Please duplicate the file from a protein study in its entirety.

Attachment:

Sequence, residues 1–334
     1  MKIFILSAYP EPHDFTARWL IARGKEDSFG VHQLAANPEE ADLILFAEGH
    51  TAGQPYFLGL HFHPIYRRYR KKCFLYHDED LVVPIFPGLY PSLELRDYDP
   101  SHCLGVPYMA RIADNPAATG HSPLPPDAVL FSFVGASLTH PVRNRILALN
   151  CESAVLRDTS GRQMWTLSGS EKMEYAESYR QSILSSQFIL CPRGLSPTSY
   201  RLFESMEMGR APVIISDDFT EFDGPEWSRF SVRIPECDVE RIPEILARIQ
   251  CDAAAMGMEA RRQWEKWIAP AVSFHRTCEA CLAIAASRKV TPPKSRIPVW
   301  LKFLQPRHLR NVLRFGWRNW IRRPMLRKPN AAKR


Sequence, residues 1–334
     1  MKIFILSAYP EPHDFTARWL IARGKEDSFG VHQLAANPEE ADLILFAEGH
    51  TAGQPYFLGL HFHPIYRRYR KKCFLYHDED LVVPIFPGLY PSLELRDYDP
   101  SHCLGVPYMA RIADNPAATG HSPLPPDAVL FSFVGASLTH PVRNRILALN
   151  CESAVLRDTS GRQMWTLSGS EKMEYAESYR QSILSSQFIL CPRGLSPTSY
   201  RLFESMEMGR APVIISDDFT EFDGPEWSRF SVRIPECDVE RIPEILARIQ
   251  CDAAAMGMEA RRQWEKWIAP AVSFHRTCEA CLAIAASRKV TPPKSRIPVW
   301  LKFLQPRHLR NVLRFGWRNW IRRPMLRKPN AAKR